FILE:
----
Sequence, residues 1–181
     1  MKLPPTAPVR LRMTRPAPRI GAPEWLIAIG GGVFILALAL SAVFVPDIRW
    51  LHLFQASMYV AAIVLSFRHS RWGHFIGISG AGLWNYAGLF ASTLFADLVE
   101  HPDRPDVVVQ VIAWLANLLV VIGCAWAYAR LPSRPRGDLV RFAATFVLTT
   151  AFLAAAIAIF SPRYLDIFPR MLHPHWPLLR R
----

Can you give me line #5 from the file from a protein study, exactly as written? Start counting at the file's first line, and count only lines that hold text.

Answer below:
   151  AFLAAAIAIF SPRYLDIFPR MLHPHWPLLR R